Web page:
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Re: Brussels sprouts, holes in the leaves… help.

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  • Tue, Apr 28, 2009 - 04:54pm

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    Peak Prosperity Admin

    Peak Prosperity Admin

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    Re: Brussels sprouts, holes in the leaves… help.

[quote=PlicketyCat]

[quote=c1oudfire]

[quote=cat233]Thank you c1oudfire and Plickety,

Upon investigation this morning, I found the culprit.  I tiny worm about .25 of an inch long.  Lime green and yellow…. Any thoughts?

Cat[/quote]

Without seeing it, I’d say it could be cabbage loopers.  The good news is that Bt works on all "worms" (small caterpillars, actually).  Apply the Bt ASAP, as it takes a couple of days to work.  It disables the gut of the caterpillars so that they starve to death.  For those who are sensitive, I’m sorry to be so graphic. . . .

[/quote]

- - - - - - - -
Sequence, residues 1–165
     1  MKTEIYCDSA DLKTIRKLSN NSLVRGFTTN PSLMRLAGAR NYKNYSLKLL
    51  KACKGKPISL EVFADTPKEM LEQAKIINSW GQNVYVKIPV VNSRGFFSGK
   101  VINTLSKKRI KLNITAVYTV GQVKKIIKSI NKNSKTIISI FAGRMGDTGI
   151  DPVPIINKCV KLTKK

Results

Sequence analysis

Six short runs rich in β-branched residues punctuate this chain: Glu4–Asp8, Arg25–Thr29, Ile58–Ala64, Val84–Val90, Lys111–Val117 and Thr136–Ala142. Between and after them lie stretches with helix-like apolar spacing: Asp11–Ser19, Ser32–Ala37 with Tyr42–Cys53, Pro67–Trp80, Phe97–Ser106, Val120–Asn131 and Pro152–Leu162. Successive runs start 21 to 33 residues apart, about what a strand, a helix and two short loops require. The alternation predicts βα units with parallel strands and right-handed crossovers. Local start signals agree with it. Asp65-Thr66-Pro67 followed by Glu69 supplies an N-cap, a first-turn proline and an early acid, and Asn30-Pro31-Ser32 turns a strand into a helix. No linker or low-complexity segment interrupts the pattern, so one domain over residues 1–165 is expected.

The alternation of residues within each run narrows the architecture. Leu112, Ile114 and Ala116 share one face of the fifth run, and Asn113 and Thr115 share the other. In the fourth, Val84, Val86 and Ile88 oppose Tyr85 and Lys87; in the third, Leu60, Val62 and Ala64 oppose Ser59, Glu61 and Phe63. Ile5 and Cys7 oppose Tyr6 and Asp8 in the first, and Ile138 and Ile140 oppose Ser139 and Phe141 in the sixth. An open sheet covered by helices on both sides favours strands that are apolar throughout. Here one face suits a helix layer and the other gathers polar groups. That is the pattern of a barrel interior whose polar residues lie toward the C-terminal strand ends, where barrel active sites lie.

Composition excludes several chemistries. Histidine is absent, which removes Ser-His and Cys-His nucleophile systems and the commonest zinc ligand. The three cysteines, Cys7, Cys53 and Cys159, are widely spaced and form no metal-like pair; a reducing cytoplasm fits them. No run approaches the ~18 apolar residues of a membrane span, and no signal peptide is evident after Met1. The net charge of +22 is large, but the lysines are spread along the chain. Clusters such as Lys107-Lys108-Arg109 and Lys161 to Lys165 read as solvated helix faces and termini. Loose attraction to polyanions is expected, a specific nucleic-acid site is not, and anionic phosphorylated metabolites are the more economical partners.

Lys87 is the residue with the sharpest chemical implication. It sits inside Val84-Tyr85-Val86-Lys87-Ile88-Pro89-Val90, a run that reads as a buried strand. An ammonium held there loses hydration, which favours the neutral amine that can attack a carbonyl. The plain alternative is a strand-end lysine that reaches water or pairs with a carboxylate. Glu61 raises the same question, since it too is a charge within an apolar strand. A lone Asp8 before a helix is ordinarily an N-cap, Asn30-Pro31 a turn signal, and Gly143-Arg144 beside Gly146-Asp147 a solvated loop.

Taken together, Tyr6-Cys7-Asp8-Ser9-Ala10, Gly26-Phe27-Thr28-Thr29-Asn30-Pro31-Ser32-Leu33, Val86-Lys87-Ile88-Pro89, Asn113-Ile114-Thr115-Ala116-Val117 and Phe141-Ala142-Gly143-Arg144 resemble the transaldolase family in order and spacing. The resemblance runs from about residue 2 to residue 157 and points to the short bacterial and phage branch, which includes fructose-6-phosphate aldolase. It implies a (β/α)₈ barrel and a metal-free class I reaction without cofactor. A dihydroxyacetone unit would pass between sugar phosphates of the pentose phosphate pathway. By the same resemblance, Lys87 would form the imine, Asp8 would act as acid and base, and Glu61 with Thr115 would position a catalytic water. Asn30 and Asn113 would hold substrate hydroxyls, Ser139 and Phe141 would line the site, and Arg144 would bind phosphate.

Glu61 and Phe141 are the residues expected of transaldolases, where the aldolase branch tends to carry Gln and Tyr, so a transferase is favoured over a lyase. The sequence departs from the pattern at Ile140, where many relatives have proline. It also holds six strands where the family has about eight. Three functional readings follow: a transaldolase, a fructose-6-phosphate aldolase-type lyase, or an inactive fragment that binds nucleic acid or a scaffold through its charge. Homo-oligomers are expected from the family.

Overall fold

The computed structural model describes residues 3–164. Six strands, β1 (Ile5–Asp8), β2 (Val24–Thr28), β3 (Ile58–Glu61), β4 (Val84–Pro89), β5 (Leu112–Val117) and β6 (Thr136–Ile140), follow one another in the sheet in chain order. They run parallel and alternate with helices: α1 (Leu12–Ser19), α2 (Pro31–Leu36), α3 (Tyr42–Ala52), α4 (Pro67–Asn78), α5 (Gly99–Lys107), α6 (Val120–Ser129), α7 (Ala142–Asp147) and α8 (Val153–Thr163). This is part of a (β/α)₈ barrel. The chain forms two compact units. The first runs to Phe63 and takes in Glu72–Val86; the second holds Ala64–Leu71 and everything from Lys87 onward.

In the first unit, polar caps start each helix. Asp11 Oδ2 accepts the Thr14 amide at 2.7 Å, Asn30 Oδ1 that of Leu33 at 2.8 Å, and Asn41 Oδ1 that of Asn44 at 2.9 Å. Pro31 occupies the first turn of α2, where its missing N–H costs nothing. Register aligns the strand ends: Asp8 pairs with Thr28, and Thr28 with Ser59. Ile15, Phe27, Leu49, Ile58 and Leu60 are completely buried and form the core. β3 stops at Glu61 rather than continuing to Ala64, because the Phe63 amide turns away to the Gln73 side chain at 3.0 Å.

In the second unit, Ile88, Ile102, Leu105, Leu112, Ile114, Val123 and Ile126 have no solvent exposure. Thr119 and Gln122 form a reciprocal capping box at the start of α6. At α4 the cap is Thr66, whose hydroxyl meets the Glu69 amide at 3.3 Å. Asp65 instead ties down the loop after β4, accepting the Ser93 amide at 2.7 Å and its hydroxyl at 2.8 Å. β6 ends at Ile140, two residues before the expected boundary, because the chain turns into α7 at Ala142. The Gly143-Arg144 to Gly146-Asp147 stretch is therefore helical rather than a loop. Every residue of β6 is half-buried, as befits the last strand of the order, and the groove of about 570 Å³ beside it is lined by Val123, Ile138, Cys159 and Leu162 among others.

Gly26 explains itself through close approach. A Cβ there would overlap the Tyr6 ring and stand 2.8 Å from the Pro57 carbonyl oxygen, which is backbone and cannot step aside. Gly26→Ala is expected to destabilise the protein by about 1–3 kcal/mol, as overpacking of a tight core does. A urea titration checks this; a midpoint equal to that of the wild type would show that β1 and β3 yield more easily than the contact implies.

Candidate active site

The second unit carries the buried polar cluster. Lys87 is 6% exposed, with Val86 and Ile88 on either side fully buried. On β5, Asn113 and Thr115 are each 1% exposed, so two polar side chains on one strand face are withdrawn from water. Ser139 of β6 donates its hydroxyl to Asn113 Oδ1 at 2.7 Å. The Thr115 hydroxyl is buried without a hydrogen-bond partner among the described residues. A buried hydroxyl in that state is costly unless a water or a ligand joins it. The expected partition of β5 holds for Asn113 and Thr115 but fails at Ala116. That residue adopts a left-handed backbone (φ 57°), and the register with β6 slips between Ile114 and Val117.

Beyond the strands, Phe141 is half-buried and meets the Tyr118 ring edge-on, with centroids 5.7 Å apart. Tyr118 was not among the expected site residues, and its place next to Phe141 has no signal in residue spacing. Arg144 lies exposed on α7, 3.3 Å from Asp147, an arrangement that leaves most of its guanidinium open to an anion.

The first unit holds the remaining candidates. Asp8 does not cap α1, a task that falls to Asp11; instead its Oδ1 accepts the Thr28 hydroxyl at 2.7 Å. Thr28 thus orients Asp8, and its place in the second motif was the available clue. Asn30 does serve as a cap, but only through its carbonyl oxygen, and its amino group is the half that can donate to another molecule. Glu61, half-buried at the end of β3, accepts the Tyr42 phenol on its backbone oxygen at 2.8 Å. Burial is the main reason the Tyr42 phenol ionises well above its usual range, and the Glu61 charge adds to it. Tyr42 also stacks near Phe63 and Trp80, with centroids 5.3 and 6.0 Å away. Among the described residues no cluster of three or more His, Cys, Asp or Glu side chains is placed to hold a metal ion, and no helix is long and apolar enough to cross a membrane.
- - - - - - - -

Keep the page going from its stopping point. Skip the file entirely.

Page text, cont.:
If you don’t want to use Bt, you can also purchase and release trichogramma wasps to destroy any remaining unhatched eggs. Pheromone lure traps can keep the adults from breeding and laying the eggs in the first place.

[/quote]

Bt is so effective, there’s no reason to use conventional pesticides and exposing yourselves to their inherent risks.  Bt is nonspecific and will work on any caterpillar that is young enough that the gut may be penetrated by the bacteria.  However, it may kill the caterpillars of harmless butterflies, too.  If it bothers you to use the Bt, then the trichogramma wasps are another option, but they won’t be effective  against hatched caterpillars, which are your current problem.  Parasitic wasps, in general, are trickier and less reliable to use than Bt.  They are very host specific, so that if you don’t match the parasitic wasp to its specific preferred host, it won’t work at all.  If all of the above seem less than ideal, then floating row covers are the way to go, next year.